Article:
BY 4.0 license Open Access Published by De Gruyter Open Access October 21, 2021

Towards a Critical Reconstruction of Modern Refugee Subjectivity: Overcoming the Threat–Victim Bipolarity with Judith Butler and Giorgio Agamben

Ariadni Polychroniou
From the journal Open Philosophy

Abstract

The accurate illustration of the contemporary refugee subject has presented an unprecedented theoretical, epistemological and methodological challenge to all fields of academic research. Seeking for alternative philosophical modalities capable of liberating refugee representation from the suffocating threat–victim bipolarity, this article critically investigates Giorgio Agamben and Judith Butler’s theoretical perspectives on refugee subjectivity. Section 1 systematises the dominant tropes of refugee representation either as dehumanised threats or depoliticised victims. Section 2 introduces the readers to Giorgio Agamben’s emblematic homo sacer as a potentially fertile reconceptualisation of refugee subjectivity. In this context, Judith Butler’s critique on the Agambenian bare life is presented in two core pillars. Following one Butlerian claim, we trace the Agambenian inadequacy to successfully overcome the contemporary threat–victim mode of refugee representation in the absence of an empowering theoretical account of the homo sacer’s agentic and resisting capacities. In Section 4, we explore Judith Butler’s main argument regarding the constitutively political character of vulnerable refugee existence. By designating the Butlerian constellation of vulnerability and agency as an invigorating alternative perspective on modern refugee representation, we finally argue that Butler’s epistemological framework provides a more agonistic and nuanced theorisation of refugee subjectivity than Agamben.

1 Introduction

In his thorough analysis of Hannah Arendt’s diachronic article “We refugees” (1943), Giorgio Agamben traces in the figure of the refugee, the radical emergence of an eminently inverted historical conscience. By extrapolating the Arendtian oracular illustration of the ones “that have lost all rights[1] in the theorisation of the contemporary gradual erosion of the constitutive narratives of modernity, Agamben argues that the refugee subject constitutes the sole category that enables us to foresee an arising and drastically self-reconstructing political community within the forcefully transforming socio-political conditions of our time.[2]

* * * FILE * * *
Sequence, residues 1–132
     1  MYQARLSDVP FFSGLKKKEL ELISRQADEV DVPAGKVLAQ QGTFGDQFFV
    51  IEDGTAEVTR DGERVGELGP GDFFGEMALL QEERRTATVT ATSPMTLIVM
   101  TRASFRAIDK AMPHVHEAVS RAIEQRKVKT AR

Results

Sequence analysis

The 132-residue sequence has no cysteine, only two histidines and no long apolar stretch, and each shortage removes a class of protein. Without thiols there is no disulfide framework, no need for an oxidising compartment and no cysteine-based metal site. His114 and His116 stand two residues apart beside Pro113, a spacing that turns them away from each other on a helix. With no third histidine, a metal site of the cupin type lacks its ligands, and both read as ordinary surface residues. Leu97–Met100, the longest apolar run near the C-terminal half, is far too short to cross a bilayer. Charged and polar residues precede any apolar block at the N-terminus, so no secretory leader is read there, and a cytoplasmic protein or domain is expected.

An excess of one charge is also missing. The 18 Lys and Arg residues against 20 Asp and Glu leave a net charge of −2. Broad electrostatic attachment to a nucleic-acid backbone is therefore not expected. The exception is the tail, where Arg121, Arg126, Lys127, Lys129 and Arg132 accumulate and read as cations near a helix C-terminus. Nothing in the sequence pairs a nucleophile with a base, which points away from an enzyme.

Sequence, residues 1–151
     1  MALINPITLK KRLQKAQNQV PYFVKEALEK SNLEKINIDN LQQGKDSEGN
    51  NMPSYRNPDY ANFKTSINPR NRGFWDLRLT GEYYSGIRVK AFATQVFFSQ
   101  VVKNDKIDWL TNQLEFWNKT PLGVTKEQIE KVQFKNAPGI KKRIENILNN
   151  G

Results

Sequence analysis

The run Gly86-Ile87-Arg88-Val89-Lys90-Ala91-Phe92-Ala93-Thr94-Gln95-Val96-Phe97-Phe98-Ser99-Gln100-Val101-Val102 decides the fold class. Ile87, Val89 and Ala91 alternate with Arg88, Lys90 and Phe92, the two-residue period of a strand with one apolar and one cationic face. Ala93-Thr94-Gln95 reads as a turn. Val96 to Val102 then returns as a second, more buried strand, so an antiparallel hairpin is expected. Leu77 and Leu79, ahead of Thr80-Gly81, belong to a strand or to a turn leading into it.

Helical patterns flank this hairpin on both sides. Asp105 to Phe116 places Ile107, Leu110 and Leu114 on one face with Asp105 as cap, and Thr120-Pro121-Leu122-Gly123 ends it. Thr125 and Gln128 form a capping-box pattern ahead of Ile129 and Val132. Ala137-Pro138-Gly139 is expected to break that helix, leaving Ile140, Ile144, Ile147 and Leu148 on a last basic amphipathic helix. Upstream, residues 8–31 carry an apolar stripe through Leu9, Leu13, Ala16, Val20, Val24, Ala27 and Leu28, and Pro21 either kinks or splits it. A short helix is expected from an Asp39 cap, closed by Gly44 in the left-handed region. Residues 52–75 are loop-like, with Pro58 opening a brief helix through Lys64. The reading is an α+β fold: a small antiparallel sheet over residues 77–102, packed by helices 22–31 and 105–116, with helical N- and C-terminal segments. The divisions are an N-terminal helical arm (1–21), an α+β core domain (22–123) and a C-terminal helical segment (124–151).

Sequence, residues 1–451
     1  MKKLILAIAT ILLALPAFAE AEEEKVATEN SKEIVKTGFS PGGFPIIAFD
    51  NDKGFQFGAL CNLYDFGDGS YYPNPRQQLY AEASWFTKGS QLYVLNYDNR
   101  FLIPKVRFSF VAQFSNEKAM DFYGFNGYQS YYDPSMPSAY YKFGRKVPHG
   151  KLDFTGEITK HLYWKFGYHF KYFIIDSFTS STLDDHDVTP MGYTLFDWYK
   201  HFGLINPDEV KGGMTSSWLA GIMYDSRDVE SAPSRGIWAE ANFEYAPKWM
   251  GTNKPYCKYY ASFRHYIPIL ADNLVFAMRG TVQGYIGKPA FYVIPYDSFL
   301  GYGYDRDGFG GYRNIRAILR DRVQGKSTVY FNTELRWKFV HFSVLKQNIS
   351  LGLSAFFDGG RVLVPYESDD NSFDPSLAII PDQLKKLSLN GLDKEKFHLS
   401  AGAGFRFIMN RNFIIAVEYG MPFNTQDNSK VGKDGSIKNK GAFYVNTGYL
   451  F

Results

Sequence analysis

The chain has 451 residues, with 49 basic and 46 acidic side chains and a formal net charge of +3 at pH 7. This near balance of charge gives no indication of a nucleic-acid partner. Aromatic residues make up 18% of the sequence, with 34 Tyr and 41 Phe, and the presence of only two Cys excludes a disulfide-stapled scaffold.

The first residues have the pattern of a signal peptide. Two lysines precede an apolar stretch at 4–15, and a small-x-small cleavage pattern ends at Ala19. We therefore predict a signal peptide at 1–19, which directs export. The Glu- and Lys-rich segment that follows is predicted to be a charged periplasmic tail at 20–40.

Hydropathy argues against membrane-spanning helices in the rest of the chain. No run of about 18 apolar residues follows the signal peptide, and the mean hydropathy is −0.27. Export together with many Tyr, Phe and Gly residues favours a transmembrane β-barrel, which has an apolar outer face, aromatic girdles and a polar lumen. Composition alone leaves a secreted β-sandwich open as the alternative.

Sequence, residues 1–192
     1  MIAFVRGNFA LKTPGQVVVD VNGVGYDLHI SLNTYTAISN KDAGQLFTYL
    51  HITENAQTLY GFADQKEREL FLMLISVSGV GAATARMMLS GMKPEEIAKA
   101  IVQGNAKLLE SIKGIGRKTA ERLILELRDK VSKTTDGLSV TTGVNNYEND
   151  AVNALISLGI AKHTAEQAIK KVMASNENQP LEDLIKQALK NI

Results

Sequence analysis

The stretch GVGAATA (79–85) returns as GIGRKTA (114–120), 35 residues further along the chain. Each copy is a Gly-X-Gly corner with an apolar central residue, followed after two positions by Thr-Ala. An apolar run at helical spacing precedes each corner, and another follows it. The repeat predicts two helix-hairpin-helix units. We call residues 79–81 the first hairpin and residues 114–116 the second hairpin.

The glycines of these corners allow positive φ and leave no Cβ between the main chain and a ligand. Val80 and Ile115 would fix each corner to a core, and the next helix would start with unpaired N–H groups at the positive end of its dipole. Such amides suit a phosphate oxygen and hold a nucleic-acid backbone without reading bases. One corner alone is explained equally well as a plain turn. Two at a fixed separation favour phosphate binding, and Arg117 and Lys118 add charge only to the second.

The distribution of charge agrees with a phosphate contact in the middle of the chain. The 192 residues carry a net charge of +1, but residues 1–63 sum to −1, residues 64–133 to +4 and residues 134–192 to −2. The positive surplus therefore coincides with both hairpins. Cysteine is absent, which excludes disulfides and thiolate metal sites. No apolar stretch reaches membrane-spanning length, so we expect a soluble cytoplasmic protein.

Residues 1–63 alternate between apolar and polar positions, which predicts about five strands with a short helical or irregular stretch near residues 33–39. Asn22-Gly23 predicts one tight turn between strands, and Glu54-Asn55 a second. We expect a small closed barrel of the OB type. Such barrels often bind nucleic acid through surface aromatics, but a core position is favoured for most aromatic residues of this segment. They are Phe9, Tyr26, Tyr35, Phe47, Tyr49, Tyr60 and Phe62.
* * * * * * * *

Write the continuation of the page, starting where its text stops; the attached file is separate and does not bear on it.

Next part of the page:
Under this intellectual perspective, the massive emergence of an absolutely heterogeneous political subject, i.e. the acting and talking figure of the de facto – or, more rarely de jure – stateless refugee in the internal realm of a national legal order, becomes the most intractable riddle of the postmodern political condition. Reconstituted as the new multitude in Hardt and Negri’s ground-breaking theory,[3] substituting the working class as the new bringer of change in current post-Marxist approaches, or illuminated as the catalyst of an overwhelming redefinition of Europe’s political identity in Slavoj Žižek’s recent works,[4] the postmodern refugee subject inaugurates, in all respects, a radical new ontology. This freshly emerged political actor incarnates both a challenge and a paradox. She problematises and destabilises, via the mere fact of her existence, the central milestones of modernity: modern social structure, national sovereignty, the Westphalian state system, the notion and the limits of citizenship, the content of Human Right Declaration, the primacy of the West, as well as the dominant epistemological distinctions, cultural narratives, modalities of protest and lived experiences of political belonging.

In this academic article, we will attempt to reconceptualise the discursive construction of the refugee subject by surpassing the hegemonic illustrative threat–victim binary. In particular, we will argue that Judith Butler’s latest ethico-political theory constructs the most cohesive framework for the critical theorisation of the refugee subject in terms of a political actor that is both agentic and vulnerable. In order to convincingly support the article’s main argument, we will firstly present the dominant representation of refugee subjects as either threats or victims with the aid of critical interdisciplinary approaches. In the next part, we will endeavour to overcome this threat–victim binary by examining modern refugee subjectivity through the enigmatic notion of the homo sacer, a theoretical figure re-developed by political philosopher Giorgio Agamben and repeatedly used in the last decade by different branches of philosophy, sociology and anthropology for the current illustration of the refugee subject. In this context, we will systematise Judith Butler’s critique on the Agambenian bare life in two core pillars: while we will critically defend Agamben against the Butlerian misconception of the apolitical texture of bare life, we will undeniably accept the Butlerian claim on Agamben’s depoliticising methodology. Following the second Butlerian claim, we will trace the Agambenian inadequacy to successfully overcome the contemporary threat–victim mode of refugee representation in the absence of an empowering theoretical account of the homo sacer’s agentic and resisting capacities. In Section 4, we will highlight Judith Butler’s core argumentation on the performatively political character of refugee existence and explore the Butlerian constellation of vulnerability and agency as a more invigorating alternative perspective on modern refugee representation. By designating refugee agency, resistance and decision-making as political qualities of lives exposed to conditions of absolute precarity, socio-political alienation, material deprivation and symbolic-cultural othering, we believe that the Butlerian epistemological framework successfully overturns the hegemonic threat–victim binary, without erasing neither refugee intentionality nor refugee precarious position.